What entreprenuers can learn about branding from trendy startups
(BUSINESS MARKETING) What’s the secret of focused startup branding, and how can you apply it to large enterprises?
Think of your favorite brand. Is it the product they offer or the branding that you love? Exactly – brand ethos reigns supreme, especially with those trendy, aesthetically-pleasing startups (I never thought Glossier had good makeup, but I’d be lying if I said I didn’t visit their website once or twice a month).
So let’s break it down.
Co-founder of Red Antler – a company that assists startups in creating successful branding – Emily Heyward believes in a few branding truths.
Firstly, you have to make sure not to market your brand as a single product or experience. Doing so, she says, will pigeonhole you and thus truncate your ability to expand and offer new products and services (she gives MailChimp, known almost exclusively for email marketing, as an example).
What Heyward does say to do is instead market an idea. For example, the brand Casper (one of Antler’s clients) markets itself as a sleep company instead of a mattress company. By doing this, they kept the door open to eventually offer other products, like pillows and bedding.
Heyward states that this “power of focus” is a way to survive – with countless other startups offering the same product or service, you have to position your company as offering something beyond the product. Provide a problem your customer didn’t know they had and offer an innovative solution through your product.
Ever used Slack, the app-based messenger? There were other messengers out there, so focus of Slack’s branding is that regular messaging is boring and that their app makes it more fun. And customers eat it up.
How can this logic apply to mid-to-large enterprises? How can you focus on one specific thing?
Again, placing emphasis on brand over products is essential – what is it about what you offer that makes your customers’ lives better? It’s more cerebral than material. You’re selling a better life.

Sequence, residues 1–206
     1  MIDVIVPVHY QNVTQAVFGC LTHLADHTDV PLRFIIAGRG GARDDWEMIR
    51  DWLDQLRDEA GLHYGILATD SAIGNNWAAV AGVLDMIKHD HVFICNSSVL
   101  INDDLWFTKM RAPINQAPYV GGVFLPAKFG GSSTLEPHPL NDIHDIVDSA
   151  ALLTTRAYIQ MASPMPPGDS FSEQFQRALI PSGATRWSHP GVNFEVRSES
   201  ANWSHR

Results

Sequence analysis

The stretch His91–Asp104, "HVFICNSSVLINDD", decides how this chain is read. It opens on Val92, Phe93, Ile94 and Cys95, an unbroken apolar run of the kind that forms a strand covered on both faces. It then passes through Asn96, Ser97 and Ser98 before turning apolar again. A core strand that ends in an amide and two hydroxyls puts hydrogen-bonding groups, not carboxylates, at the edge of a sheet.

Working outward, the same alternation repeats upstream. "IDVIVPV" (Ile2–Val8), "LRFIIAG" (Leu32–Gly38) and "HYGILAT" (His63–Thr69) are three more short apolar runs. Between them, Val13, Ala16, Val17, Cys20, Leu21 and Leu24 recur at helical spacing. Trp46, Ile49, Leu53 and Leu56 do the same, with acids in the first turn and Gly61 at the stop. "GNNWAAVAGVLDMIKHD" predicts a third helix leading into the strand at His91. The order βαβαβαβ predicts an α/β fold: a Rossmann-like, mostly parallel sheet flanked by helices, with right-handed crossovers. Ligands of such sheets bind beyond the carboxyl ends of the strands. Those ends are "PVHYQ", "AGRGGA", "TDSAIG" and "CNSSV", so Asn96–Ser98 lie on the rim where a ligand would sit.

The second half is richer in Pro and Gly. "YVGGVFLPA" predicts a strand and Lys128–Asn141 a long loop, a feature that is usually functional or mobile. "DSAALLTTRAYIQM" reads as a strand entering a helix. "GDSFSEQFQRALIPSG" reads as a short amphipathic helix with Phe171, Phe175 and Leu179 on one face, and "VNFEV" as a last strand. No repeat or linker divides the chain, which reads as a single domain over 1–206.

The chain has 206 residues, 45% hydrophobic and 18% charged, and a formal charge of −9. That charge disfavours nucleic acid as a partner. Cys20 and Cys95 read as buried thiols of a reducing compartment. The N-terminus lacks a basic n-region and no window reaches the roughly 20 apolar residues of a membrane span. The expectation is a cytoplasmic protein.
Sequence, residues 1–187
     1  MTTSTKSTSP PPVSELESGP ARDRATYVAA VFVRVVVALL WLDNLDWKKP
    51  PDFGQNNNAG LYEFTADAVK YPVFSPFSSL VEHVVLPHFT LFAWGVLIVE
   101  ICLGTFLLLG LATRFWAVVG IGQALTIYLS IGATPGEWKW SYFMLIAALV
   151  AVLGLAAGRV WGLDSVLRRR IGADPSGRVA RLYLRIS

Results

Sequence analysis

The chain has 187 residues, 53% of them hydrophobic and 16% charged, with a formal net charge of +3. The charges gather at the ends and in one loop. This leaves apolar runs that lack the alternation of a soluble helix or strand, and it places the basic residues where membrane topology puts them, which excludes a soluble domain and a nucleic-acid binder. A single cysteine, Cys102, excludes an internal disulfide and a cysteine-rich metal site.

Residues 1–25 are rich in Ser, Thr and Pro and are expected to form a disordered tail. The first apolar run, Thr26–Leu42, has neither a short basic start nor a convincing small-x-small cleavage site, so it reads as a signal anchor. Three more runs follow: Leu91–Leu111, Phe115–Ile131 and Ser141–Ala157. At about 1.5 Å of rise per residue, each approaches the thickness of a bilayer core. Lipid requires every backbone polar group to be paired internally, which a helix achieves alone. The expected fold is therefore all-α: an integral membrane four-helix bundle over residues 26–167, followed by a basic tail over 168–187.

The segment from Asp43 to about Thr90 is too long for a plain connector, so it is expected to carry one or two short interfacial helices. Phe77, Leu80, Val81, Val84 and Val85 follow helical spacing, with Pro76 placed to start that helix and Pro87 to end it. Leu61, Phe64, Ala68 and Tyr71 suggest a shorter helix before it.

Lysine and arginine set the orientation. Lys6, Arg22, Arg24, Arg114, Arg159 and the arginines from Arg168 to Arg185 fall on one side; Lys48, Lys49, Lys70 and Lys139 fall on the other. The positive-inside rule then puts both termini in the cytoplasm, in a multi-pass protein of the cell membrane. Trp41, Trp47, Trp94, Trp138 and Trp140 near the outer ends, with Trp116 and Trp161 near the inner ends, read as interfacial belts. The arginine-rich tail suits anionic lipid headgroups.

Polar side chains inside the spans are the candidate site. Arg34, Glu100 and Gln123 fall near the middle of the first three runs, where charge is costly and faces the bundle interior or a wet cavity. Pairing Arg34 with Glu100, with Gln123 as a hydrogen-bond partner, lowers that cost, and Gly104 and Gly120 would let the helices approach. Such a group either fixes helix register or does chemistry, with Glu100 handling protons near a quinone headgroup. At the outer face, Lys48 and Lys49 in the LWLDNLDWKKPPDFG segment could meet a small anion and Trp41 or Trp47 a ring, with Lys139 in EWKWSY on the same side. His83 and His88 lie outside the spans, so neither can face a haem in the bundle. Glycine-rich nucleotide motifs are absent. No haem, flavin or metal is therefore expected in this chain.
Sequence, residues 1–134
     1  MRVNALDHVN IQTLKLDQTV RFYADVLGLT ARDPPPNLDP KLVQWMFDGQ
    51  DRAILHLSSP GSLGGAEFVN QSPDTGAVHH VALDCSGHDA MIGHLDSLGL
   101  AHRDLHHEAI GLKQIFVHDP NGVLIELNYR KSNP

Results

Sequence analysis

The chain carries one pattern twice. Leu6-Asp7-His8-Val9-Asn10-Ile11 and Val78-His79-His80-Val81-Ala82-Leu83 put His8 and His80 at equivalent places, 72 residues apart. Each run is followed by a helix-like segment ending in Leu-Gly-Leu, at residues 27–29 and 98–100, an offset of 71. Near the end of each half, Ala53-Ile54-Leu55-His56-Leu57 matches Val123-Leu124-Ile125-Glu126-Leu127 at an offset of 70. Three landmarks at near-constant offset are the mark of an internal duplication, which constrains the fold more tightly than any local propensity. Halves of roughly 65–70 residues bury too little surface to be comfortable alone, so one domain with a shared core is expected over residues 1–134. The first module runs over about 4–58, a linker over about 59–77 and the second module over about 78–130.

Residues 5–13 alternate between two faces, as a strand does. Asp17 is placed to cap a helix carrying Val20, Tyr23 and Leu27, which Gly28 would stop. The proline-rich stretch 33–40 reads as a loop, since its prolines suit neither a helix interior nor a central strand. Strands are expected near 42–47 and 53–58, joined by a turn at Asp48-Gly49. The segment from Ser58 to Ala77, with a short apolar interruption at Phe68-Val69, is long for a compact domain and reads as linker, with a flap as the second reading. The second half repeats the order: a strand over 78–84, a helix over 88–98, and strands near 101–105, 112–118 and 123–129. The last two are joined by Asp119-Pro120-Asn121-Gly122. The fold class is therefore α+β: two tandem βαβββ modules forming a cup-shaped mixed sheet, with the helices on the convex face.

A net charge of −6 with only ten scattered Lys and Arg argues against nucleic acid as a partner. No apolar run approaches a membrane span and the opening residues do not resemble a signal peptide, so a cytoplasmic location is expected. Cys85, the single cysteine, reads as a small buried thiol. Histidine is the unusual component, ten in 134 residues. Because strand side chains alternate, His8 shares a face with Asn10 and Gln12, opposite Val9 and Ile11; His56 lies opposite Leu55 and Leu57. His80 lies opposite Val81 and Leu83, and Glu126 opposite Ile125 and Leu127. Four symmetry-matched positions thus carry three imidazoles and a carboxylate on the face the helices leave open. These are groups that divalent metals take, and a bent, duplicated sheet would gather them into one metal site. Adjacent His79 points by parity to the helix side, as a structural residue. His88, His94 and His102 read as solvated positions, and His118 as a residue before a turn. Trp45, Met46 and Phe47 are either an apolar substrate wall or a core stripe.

Another thing to remember is that customers are intrigued by the idea of new experiences, even if the product or service being offered is itself not new. Try not to use dated language that’s colored by a customers’ preexisting feelings. Instead, find an exciting alternative – chat solutions are desperately trying move away from the word “chat”, which can bring to mind an annoying, tedious process, even though that is in fact what they offer.
Broadening the idea of focused brand ethos to a large company can be difficult. By following these tips and tricks from startups, your company can develop a successful brand ethos that extends beyond your best product or service.
Spruce up your product images with Glorify (just in time for Black Friday!)
(BUSINESS MARKETING) Want professional, customizable product images for your company? Consider Glorify’s hot Black Friday deal.
Glorify, the app that creates high converting, customizable product images for your business, is offering a lifetime deal for $97 this Black Friday. In just a few clicks, you can transform one of Glorify’s sleek templates into personalized, professional-looking content – and now, you don’t have to pay that monthly fee.
Whether your business is in electronics, beauty, or food & drink, Glorify offers a range of looks that will instantly bring your product images to the next level. With countless font styles and the ability to alter icon styles, shadows and other elements, you can access all the perks of having your own designer without the steep price.
In 2019, Glorify was launched – the app was soon voted #2 Product of the Day and nominated for Best Design Tool by Product Hunt. Since then, they have cultivated a 20k+ user base!
Glorify 2.0, which was launched last week, upgrades the experience. The new and improved version of the app is complete overhaul of intuitive UI improvements and extra features, such as:
- background remover tool
- templates based on popular product niches and themes
- design bundles for your website/store, social media
- annotation tool
- upload your brand kits and organize your projects under different brands
- 1 click brand application
- & much more!